He takes a vacation to Ogunquit, Maine, where he produces his first artist’s book. It consists of a hand-written text in which his own poems are accompanied by pictorial motifs.
Walter Moos, visiting Montreal, expresses interest in McEwen’s painting and sets about organizing the artist’s first solo show Toronto. It is a great success. Start of the Fil à plomb series.
He takes part in four group shows: The Fourth Biennial Exhibition of Canadian Art in Ottawa, an exhibition of the C.I.L. Collection held at Montreal Museum of Fine Arts, the Annual Spring Exhibition at the same institution and 25 Quebec Painters at the Stratford Festival in Ontario.
He wins first prize in the Concours artistique de la Province de Québec with Midi temps jaune, now in the collection of the Musée du Québec in Quebec City. He is also awarded the Hadassah prize. He receives a grant from the Canada Council which enables him to execute a series of very large works. He makes his first trip to Prince Edward Island – which is to become the principal site of his watercolour production.
Through the meditation of Walter Moos he meets Martha Jackson, in Montreal for the Borduas retrospective. She shows a good deal of interest in his work and proves it by buying several paintings for her New York gallery and offering him a one-man show for the following year.
As well as holding another solo exhibition at Gallery Moos, in Toronto, McEwen shows again at the Galerie Agnès Lefort which was taken over by Mira Godard.
He also participates in a number of group shows: the Annual Spring Exhibition at the Montreal Museum of Fine Arts; Peintures de collections canadiennes at the Musée de Bordeaux, in France; an international exhibition in Tunisia; an exhibition of work by Canadian artist at the Albright-Knox Art Gallery in Buffalo; Commonwealth Art at the Commonwealth Institute in London, England; Recent Acquisitions at the Museum of Modern Art in New York; and Contemporary Canadian Painting in Johannesburg, South Africa.
A Work by McEwen entitled Rouge sur noir is selected for acquisition by the Winnipeg Art Gallery (Purchase Award) at the 1st Winnipeg Biennial.
Encouraged by his dealer, Walter Moos, McEwen decides to work shorter hours for Frosst, so as to be able to devote more time to painting. This has an immediate positive effect, and his reputation soon spreads outside Canada. First, in February, there is a solo show at the Martha Jackson Gallery in New York. The significance of this event can be gauged from the list of other artists represented by the gallery: they include Sam Francis, Antoni Tàpies, Lucio Fontana, Paul-Émile Borduas, Jackson Pollock and Franz Kline. McEwen travels to New York for the opening. This new development, along with the acquisition of two of his painting by the Museum of Modern Art, is at the root of his participation in a number of travelling exhibitions in both North America and Europe: Contemporary American Painting and Sculpture at the University of Illinois, Champaign; Contemporary Canadian Painting at the University of Rochester, Rochester, N.Y.; a group exhibition at the Arwin Galleries in Detroit, Michigan; Fifteen Canadian Artists, a travelling exhibition organized by the Museum of Modern Art in New York; Ier Salon des Galeries pilotes at the Palais de Rumine in Lausanne, Switzerland; Dunn International Exhibition shown in Fredericton, New Brunswick, and London, England; Cinq peintres canadiens at the Musée Galliera in Paris; 5th Biennial Exhibition of Canadian Painting at the National Gallery of Canada, in Ottawa; and the Annual Spring Exhibition at the Montreal Museum of Fine Arts. (At this last exhibition Mcewen receives a honourable mention for his painting Médiane traversant le mauve.)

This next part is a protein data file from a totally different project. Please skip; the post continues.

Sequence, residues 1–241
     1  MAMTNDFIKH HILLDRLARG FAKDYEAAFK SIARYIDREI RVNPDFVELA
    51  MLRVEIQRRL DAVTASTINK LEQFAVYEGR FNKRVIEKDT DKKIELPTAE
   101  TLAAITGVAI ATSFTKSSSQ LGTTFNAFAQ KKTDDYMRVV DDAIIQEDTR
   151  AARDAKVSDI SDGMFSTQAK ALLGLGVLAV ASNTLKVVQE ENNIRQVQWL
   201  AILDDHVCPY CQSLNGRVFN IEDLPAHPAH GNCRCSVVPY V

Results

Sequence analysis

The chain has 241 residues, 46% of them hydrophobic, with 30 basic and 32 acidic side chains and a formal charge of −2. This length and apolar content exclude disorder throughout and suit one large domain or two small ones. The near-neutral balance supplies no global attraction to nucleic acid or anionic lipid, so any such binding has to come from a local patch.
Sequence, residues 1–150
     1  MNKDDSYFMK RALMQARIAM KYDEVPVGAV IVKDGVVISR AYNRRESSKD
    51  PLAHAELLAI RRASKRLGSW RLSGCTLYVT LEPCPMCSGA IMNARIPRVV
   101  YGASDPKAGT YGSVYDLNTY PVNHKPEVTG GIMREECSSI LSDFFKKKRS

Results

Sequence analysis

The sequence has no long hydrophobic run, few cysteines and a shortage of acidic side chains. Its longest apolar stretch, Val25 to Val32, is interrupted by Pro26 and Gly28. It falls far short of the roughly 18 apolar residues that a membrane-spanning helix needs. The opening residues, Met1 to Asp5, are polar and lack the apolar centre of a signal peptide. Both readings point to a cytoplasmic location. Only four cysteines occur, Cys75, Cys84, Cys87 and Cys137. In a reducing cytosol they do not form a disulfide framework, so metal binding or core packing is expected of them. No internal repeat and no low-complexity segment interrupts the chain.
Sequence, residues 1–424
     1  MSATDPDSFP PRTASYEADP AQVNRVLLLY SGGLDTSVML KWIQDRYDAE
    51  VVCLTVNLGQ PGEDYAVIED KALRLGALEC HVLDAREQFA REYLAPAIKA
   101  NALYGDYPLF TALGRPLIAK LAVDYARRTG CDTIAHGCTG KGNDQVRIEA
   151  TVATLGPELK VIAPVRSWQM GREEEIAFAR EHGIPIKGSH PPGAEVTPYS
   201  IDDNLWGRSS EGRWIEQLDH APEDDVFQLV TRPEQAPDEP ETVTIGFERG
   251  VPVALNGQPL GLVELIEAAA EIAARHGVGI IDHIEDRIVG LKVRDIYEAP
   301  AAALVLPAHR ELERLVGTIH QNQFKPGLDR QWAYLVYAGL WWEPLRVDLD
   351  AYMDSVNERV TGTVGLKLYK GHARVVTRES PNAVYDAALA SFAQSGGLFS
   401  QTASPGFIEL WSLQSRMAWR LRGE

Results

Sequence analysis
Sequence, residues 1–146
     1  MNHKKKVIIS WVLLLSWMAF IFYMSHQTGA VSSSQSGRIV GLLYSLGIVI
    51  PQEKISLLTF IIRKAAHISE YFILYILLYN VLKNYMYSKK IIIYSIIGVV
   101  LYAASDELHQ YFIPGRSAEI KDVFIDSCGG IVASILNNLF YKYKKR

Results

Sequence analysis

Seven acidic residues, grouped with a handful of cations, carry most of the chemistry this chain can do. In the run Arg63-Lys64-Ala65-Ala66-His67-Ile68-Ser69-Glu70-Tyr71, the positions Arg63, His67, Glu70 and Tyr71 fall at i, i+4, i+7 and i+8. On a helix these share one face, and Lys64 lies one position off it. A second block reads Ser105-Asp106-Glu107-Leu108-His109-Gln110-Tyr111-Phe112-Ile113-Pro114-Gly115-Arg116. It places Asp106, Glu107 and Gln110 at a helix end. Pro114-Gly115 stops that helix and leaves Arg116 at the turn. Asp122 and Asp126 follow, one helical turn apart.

McEwen sends six paintings to the Biennial in São Paolo, Brazil; he is given an honourable mention for the works as a group.
At the request of architect John Parkin, he executes a large, five-panel mural for Toronto airport entitled Rouge en liesse.
On a fall trip to Greece he visits Crete and the island of Rhodes. He is very struck by the Byzantine icons he sees and brings one back as a souvenir. This icon is to have a decisive influence on his subsequent work.
The work accomplished during this years represents a culmination point in bthe artist’s development. In April, works from the important Drapeaux inconnus series are exhibited in a one-man show at the Gallery Moos in Toronto. A work from the same series is awarded the Jessie Dow prize at the Montreal Museum of Fine Arts’ 81st Annual Spring Exhibition. Moos arranges for another part of the series to be exhibited in June, in a solo show at the Galerie Anderson-Mayer in Paris. Finally, one of these works is presented – probably through the intervention of Paris critic Jean Cathelin – at the international Salon Confrontation held at the Musèe de Dijon, in France.